Teds Travels -Mexicos Colonial Cities: Part I
If you think Mexico is nothing but jungles and ruins, you are terribly mistaken. The country’s centre is marked by its colonial architecture, rich history, and unique arts and crafts.
Over the following weeks I’ll tell you more about three of my favourite colonial towns. Today, for starters, I’ll take you to the state of Jalisco: the land of tequila, mariachi, and the most exquisite crafts that I have ever seen.
Guadalajara is the capital of Jalisco and Mexico’s second largest city. Its colonial streets are home to traditions such as ‘charreria’ (Mexican rodeo), the ‘jarabe tapatio’ folkloric dance, and some of the most important murals of Jose Clemente Orozco; one of Mexico’s famous painters. In a day you can visit Guadalajara’s Cathedral, Government Palace and gardens before travelling to Tequila, where you can visit blue agave ranches, witness the distillation process of tequila, and have a tasting (or a few).
Unfortunately, with over four million inhabitants Guadalajara can’t provide the intimacy that other Mexican colonial cities can. However, Tlaquepaque (try pronouncing that after a couple of tequilas), a small town located just 7km outside of Guadalajara, definitely can.
Book a room at Quinta Don Jose, a beautiful, family-run boutique hotel located steps away from the shopping and gallery district. Tlaquepaque is famous for its millenary handcrafted goods (in fact, the indigenous name of ‘Tlaquepaque’ means ‘a place on potting-clay hills’). You’ll see enchanting and fanciful hand-crafted items in every nook and cranny of this unforgettable place.
Wake up early and ramble along the town’s pedestrian streets. Venture into its markets and discover its workshops; where you’ll be able to watch local artisans work on blown glass, jewellery, ceramics, pottery, ‘papel mache’, corn-leaves sculptures, woven fabrics, woodcarvings, and more. Since knowledge and creativity are passed from generation to generation, local artisans have achieved high levels of skill and innovation in the use of different techniques.
Take for instance Rodo Padilla, one of the best-known craftsmen in high-temperature ceramics. Born in Tlaquepaque, he followed the footsteps of his father into pottery. A graduate in Industrial Engineering, Rodo has studied ceramics and design in Japan, Italy, and Argentina. Today, his unique figurines are known around Mexico and the United States; depicting traditional and everyday people in a quaint and funny way.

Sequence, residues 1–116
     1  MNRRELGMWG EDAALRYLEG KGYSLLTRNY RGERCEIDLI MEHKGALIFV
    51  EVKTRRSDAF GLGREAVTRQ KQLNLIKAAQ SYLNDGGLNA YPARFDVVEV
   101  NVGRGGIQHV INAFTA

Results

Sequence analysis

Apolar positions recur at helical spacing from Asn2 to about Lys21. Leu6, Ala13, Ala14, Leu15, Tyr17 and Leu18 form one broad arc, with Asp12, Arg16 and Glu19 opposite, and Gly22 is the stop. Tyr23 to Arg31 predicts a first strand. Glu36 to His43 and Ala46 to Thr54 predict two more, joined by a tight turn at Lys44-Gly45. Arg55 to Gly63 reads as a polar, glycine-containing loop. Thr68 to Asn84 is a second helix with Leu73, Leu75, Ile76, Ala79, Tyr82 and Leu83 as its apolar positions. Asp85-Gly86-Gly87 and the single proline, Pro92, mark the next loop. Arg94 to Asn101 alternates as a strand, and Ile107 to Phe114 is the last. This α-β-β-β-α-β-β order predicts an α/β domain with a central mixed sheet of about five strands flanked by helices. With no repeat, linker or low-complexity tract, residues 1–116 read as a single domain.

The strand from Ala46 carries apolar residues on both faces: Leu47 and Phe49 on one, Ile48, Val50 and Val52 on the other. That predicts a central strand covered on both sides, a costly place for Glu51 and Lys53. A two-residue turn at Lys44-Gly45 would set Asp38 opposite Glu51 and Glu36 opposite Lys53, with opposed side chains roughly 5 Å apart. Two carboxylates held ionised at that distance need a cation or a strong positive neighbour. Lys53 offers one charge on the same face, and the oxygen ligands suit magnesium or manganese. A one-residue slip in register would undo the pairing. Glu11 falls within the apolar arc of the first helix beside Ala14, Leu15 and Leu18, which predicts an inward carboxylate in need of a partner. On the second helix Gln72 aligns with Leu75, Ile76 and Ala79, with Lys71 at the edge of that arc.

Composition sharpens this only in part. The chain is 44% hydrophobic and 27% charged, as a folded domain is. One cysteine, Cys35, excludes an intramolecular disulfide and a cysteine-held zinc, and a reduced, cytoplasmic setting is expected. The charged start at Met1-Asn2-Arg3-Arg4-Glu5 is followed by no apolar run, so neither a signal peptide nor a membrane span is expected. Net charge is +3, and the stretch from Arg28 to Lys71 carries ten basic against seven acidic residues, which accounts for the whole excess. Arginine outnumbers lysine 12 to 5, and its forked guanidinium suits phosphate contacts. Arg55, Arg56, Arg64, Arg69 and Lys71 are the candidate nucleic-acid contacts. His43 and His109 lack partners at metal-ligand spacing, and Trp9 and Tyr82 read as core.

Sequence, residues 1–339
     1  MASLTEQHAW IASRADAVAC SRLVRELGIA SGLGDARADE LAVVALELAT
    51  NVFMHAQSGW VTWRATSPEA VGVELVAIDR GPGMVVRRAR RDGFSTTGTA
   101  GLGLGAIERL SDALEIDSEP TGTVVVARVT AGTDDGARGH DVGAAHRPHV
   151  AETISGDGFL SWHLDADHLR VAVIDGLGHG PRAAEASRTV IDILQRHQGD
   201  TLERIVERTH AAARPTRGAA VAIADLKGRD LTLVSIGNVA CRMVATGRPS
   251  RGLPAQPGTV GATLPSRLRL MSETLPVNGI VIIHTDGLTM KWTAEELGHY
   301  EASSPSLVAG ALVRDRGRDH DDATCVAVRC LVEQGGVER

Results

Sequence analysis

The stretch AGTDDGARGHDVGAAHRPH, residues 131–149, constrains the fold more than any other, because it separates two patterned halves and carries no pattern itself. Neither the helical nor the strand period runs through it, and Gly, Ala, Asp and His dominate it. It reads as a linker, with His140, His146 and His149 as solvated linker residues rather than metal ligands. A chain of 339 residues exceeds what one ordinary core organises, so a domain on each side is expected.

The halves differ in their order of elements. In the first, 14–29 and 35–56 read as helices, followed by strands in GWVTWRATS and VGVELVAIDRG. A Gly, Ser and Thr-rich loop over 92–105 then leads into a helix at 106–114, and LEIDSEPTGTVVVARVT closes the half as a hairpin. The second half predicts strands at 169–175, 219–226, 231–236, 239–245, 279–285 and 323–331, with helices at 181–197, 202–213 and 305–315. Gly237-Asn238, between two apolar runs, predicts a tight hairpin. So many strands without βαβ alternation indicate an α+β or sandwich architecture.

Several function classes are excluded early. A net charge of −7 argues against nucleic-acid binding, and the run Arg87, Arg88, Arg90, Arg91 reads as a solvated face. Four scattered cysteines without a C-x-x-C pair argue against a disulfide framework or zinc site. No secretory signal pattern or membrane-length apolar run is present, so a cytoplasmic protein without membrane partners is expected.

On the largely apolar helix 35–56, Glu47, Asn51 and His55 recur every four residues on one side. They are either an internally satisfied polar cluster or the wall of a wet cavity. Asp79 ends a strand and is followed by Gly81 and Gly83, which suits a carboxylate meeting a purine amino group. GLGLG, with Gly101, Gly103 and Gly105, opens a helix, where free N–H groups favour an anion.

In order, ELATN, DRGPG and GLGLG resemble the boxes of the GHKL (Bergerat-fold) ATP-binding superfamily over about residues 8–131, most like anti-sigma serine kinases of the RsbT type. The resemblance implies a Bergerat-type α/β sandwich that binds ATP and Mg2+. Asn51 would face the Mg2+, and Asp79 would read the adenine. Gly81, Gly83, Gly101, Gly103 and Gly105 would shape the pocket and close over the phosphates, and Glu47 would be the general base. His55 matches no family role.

Whether your taste inclines towards indigenous yarn paintings, carved masks or silver jewellery, you’ll find it all here. Bear in mind that you might not be able to find many bargains though; the quality and authenticity of the crafts are top notch in the country and what you’ll find here, you won’t be able to find anywhere else. At the end of the day, sit down at a café and watch life pass you by in the main plaza, listening to mariachis play.
Tlaquepaque has a vibrant, nostalgic ambience. Take time to explore its elegant art galleries before you leave. After all, what makes Tlaquepaque distinctly different, is that seems to overflow with art.
Next week I’ll tell you more about another beautiful city: Guanajuato. The atmosphere here, as with most of Mexico’s colonial cities, is rich in history…and mummies.
Ted Dziadkiewicz is Director and Founder of Contours Travel, Australia’s longest running tour operator to Latin America. He has been more than 100 times to Latin America over the past 40 years and visited over 20 countries. If you want to know more visit www.contourstravel.com.au